The outer covering is called the annulus fibrosus. It holds the nucleus inside and connects each vertebra together. With aging, the disc starts to stiffen and lose its elasticity. Disruption or damage to the disc can result in a herniated disc.
Studies show that degenerative changes within the spine begin in the nucleus. Finding ways to prevent and/or treat this is the goal of many researchers. For now, there are two possibilities: a nuclear implant or disc replacement.
The nuclear implant is a hydrogel pellet surrounded by a polyethylene layer. The pellet can absorb water and swell to mimic the action of the disc. This is how it also restores and maintains the normal disc height.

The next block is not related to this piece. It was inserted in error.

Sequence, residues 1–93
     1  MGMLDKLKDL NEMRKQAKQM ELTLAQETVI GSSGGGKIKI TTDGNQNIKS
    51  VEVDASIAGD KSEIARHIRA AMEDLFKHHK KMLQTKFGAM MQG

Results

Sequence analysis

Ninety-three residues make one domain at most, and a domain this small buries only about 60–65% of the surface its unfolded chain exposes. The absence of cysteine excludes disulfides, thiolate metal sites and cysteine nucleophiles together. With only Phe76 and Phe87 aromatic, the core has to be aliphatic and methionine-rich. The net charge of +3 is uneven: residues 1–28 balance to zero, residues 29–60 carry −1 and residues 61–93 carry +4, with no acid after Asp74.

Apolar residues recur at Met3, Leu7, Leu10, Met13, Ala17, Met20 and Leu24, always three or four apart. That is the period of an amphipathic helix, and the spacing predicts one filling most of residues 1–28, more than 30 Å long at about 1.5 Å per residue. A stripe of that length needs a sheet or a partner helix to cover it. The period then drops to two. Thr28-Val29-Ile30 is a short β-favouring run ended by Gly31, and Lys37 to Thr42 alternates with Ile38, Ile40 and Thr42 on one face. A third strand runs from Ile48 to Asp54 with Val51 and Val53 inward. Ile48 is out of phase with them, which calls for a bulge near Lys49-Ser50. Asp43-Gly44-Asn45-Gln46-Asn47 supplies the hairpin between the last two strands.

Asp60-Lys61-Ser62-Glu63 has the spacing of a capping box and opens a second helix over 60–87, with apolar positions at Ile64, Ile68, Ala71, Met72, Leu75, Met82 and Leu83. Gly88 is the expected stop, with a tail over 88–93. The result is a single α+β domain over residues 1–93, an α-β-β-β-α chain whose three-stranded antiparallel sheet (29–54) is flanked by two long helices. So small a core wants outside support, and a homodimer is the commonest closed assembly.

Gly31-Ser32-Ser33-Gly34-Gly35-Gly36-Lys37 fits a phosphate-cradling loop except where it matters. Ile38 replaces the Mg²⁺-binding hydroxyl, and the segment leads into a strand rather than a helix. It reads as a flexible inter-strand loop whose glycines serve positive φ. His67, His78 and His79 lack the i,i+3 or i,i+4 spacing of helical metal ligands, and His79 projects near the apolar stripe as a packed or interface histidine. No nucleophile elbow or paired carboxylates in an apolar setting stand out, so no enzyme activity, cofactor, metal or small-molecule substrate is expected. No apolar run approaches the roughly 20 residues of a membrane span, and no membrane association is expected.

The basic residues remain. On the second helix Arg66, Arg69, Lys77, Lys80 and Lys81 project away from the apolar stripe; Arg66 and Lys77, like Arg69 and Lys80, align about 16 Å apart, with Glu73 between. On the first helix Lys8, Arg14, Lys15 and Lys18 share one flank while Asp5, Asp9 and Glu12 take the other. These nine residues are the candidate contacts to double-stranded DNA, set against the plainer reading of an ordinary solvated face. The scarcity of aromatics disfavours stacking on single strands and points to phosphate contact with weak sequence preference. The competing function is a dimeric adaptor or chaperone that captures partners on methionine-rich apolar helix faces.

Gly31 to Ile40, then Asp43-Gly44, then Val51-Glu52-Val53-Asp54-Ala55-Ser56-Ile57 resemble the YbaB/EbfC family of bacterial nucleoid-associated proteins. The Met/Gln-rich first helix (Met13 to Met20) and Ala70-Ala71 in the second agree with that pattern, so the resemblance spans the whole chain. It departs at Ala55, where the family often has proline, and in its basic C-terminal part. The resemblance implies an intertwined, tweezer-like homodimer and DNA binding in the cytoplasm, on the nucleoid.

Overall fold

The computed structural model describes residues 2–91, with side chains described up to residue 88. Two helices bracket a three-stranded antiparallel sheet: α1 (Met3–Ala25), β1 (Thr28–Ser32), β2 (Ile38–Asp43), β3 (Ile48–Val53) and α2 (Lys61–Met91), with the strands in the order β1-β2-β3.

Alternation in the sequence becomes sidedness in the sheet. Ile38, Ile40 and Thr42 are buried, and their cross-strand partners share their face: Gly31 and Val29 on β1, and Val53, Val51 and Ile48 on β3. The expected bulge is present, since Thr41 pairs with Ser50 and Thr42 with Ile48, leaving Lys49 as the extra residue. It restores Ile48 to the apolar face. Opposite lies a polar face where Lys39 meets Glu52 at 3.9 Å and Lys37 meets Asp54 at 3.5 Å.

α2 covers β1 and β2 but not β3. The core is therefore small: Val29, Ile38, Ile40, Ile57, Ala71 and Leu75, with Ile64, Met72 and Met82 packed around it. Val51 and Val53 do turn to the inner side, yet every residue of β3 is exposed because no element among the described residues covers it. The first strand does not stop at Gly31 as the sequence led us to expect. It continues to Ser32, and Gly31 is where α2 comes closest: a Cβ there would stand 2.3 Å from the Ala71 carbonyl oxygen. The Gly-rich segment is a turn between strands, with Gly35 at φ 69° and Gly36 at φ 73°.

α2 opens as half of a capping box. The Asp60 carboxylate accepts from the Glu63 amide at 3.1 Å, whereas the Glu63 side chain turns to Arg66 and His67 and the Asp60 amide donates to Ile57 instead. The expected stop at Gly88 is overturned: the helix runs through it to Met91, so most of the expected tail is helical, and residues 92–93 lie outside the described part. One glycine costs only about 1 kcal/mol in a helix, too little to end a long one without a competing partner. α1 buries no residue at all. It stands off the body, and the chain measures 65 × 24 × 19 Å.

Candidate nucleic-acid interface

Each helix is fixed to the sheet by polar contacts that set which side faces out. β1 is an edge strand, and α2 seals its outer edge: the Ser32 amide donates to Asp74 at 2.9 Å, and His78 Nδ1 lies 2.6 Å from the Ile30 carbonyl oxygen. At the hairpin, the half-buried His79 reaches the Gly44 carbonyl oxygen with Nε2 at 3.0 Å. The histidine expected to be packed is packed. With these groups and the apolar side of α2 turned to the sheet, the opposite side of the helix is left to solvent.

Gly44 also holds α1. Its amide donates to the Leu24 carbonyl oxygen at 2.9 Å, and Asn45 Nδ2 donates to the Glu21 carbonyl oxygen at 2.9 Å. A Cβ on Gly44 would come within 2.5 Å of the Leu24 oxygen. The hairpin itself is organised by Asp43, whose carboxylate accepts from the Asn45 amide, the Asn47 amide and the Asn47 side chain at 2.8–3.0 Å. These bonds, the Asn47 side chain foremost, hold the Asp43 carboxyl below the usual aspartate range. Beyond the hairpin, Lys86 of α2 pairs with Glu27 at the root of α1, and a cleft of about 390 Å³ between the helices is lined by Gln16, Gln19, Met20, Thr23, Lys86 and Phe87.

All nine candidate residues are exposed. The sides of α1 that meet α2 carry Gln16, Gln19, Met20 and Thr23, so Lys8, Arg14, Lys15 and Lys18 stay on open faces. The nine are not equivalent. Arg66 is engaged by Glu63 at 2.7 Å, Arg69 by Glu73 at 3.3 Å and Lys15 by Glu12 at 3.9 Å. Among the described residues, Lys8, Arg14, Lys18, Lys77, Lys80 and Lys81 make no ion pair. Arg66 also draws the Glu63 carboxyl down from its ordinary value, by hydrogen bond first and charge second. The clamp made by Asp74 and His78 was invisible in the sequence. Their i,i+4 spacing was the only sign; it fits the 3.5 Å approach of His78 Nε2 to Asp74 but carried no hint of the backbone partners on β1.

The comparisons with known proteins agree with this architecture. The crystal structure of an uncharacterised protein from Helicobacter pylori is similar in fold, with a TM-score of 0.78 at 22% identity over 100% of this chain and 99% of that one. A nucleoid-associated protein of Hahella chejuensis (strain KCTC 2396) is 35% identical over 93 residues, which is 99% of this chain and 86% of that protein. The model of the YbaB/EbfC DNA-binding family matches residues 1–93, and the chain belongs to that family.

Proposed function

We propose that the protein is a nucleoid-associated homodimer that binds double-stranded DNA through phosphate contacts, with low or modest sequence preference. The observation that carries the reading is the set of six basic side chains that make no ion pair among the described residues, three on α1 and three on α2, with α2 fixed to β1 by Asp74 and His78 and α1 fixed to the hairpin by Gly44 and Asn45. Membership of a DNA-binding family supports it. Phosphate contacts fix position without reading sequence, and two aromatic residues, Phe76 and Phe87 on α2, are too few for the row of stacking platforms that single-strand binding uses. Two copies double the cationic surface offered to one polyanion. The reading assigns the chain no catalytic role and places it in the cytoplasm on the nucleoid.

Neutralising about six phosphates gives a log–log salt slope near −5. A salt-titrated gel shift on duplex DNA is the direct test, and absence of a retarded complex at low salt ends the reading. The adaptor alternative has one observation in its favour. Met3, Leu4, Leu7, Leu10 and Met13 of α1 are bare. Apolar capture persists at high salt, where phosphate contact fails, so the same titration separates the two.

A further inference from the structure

There are injectable substances. These fill in the space when the disc is removed but not replaced with an artificial disc replacement. The injection is a liquid polymer that cures in about 15 minutes. It's firm but has some give to it.
Not all orthopedic surgeons have been trained to provide all of these options. Some are fairly new treatment methods. Further long-term studies are needed before they can be offered to everyone.
Talk to your physician and see what he or she suggests. Your age, diagnosis, general health, and condition of the spine are all factors in the final decision. Conservative care is always advised first before considering surgery of any kind.